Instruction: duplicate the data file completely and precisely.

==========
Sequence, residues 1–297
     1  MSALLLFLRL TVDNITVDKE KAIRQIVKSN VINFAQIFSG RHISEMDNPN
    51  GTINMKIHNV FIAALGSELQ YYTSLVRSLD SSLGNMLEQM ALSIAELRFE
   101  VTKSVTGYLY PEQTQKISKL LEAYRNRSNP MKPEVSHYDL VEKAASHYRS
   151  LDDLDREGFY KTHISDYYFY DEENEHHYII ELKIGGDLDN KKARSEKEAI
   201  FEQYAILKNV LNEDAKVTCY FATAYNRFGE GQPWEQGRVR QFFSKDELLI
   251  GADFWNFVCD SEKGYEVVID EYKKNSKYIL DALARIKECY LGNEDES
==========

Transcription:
Sequence, residues 1–297
     1  MSALLLFLRL TVDNITVDKE KAIRQIVKSN VINFAQIFSG RHISEMDNPN
    51  GTINMKIHNV FIAALGSELQ YYTSLVRSLD SSLGNMLEQM ALSIAELRFE
   101  VTKSVTGYLY PEQTQKISKL LEAYRNRSNP MKPEVSHYDL VEKAASHYRS
   151  LDDLDREGFY KTHISDYYFY DEENEHHYII ELKIGGDLDN KKARSEKEAI
   201  FEQYAILKNV LNEDAKVTCY FATAYNRFGE GQPWEQGRVR QFFSKDELLI
   251  GADFWNFVCD SEKGYEVVID EYKKNSKYIL DALARIKECY LGNEDES